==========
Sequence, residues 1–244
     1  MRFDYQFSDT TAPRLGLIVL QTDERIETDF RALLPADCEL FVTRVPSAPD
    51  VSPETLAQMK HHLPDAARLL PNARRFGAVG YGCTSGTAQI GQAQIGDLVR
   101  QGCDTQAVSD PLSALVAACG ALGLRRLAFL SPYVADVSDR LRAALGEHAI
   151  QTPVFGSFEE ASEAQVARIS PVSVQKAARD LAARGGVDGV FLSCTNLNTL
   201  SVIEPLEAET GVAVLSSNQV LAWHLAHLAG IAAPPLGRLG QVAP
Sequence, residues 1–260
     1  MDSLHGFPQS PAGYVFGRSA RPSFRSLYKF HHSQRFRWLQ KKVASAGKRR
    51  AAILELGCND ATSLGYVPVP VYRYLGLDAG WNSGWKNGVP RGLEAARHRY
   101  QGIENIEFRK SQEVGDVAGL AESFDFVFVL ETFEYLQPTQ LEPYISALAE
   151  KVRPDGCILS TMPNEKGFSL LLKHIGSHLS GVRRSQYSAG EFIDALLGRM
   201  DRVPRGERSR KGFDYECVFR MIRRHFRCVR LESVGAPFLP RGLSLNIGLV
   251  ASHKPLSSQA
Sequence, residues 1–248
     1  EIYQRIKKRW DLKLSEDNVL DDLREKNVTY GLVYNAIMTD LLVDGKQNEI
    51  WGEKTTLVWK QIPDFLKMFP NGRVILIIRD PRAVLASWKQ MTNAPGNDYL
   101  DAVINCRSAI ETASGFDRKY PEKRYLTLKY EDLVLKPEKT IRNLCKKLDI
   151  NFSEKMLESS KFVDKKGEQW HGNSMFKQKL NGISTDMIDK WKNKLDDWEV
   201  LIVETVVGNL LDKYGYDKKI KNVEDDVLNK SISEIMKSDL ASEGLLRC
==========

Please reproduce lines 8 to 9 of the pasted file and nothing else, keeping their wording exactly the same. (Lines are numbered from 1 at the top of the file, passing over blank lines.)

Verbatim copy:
     1  MDSLHGFPQS PAGYVFGRSA RPSFRSLYKF HHSQRFRWLQ KKVASAGKRR
    51  AAILELGCND ATSLGYVPVP VYRYLGLDAG WNSGWKNGVP RGLEAARHRY